The government’s Brexit stance is riddled with legal confusion

Its assertions on the role of parliament are simply constitutionally wrong

May 30, 2018
Photo: NurPhoto/SIPA USA/PA Images
Photo: NurPhoto/SIPA USA/PA Images

There has never been a more vacuous phrase than “Brexit means Brexit,” or less clarity about what on earth it will mean as Britain stumbles to the door. In particular, there is still no practicable solution to the Irish border issue, because inconsistent assurances have been given to European Union negotiators and the various UK ideological tribes.

The phase one transition agreement says that in the absence of another acceptable solution for keeping an open Irish border, the backstop is that Northern Ireland will “align” with EU trade rules. The DUP has been promised that there will be no customs border down the Irish Sea either: one rule for the whole UK. The Brexiteers have been promised that there will be no customs union between the UK and the EU. These are three mutually inconsistent promises as to what Brexit means. And both the Treasury and the Bank of England project that whichever version of Brexit we adopt any will make the UK far worse off.

Yet some perverse version of Dunkirk spirit seems to persuade many people, even those who never wanted to leave the EU, that what’s done is done; the only question being how bravely we manage the withdrawal.

This is not true. In debating what might happen next, it is vital to remember what is still legally possible. It is politically, as well as constitutionally important to understand that the deed is not yet done. We are not yet tied to leaving the EU; and in fact the prime minister does not yet have power to take us out. If parliament votes against the terms of whatever deal the prime minister can obtain, then the default fallback position is not that we crash out of the EU, but that we remain in.

After the EU referendum, in the Miller case, the Supreme Court reasserted the basic constitutional principle that it was for parliament, not the prime minister, to decide whether to repeal all EU law by leaving the EU.

The judgment was long and complex, but—in a nutshell—an advisory referendum is not a source of law. It was parliament which took us into the EU, and made its law part of UK law, by passing the European Communities Act 1972. So only parliament had the authority, by passing legislation, to stop EU law applying directly in the UK.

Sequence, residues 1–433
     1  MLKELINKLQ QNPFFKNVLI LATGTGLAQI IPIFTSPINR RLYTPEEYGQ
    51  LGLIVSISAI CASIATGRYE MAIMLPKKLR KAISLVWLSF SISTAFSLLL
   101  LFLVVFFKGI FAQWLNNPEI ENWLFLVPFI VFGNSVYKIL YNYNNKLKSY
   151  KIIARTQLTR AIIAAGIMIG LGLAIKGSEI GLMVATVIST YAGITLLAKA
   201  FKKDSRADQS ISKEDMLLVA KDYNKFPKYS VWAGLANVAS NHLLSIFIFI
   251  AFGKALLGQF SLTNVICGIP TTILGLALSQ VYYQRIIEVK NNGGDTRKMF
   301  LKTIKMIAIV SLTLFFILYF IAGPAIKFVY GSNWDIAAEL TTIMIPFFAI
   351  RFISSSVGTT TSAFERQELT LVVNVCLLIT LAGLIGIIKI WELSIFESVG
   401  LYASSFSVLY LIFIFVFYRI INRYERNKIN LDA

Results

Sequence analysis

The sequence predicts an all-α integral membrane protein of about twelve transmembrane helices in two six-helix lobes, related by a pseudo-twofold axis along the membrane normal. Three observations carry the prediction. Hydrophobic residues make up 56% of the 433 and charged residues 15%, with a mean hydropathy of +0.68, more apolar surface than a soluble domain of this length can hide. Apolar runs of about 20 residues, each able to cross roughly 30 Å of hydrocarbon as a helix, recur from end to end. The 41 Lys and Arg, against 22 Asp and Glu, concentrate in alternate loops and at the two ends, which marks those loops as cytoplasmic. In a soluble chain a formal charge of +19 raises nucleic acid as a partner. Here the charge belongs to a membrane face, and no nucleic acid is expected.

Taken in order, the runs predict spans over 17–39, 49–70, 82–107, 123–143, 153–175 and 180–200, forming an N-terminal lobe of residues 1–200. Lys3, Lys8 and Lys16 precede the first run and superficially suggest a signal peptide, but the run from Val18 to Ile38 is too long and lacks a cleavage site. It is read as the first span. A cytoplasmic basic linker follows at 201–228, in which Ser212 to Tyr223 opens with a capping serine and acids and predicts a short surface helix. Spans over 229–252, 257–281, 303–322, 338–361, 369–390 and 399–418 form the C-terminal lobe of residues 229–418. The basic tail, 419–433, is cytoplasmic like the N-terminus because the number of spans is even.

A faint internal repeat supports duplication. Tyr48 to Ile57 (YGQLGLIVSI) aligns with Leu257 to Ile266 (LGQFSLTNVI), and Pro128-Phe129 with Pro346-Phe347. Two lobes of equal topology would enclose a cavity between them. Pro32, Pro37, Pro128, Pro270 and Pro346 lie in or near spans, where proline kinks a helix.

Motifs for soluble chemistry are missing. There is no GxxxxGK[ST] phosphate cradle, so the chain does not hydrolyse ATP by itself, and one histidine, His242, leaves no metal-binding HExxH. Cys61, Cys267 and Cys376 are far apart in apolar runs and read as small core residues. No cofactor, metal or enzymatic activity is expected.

The consequence of the Miller case was that the prime minister had to get an act of parliament before she could trigger Article 50 and give notice to leave the EU. She got one fast. The EU (Notification of Withdrawal) Bill was introduced just two days after the Supreme Court judgment in Miller, became law on 16th February 2017, and the prime minister formally notified the European Council of the UK’s intention to withdraw from the EU on 29th March 2017.

So far so constitutional. But the EU (Notification of Withdrawal) Act, passed so hastily, only gave the prime minister power to give notice of her current intention to withdraw the UK from the European Union. It did not provide any power actually to leave, and the government defeated a Labour amendment to say what would happen if acceptable terms were not reached. Despite warnings from cross-bench peers, including David Pannick (who argued the Miller case), John Kerr (who drafted Article 50), and David Hope (former Vice-President of the Supreme Court), the government refused to amend the Bill, and the Act passed without any provision as to how and when parliament would give permission for the deal (or no-deal) Brexit actually to take place.

Britain’s constitutional arrangements require parliamentary authority not only to notify an intention to leave the EU, but also actually to leave. The latter has not yet been conferred. It will be granted, if it is passed, by the European Union (Withdrawal) Bill, currently going through parliament. But this Bill was amended after an unlikely rebellion led by former Attorney General Dominic Grieve MP, to mean that parliament does have a vote on the “final deal” with the EU before it is signed.

What happens if, as a result of that vote, parliament rejects whatever deal is on offer? The government says the only other option is to leave with no deal. That is simply constitutionally wrong. In the absence of parliamentary authority, the prime minister cannot take us out of the EU on any terms at all. That is what the rule of law means.

Were the government to attempt to take us out of the EU without a deal approved by parliament, it is likely that this would be subject to a further successful court challenge. As Hope put it, “It is all about respecting the sovereignty of parliament.  The law will see to that, whatever the government think, as it always does.”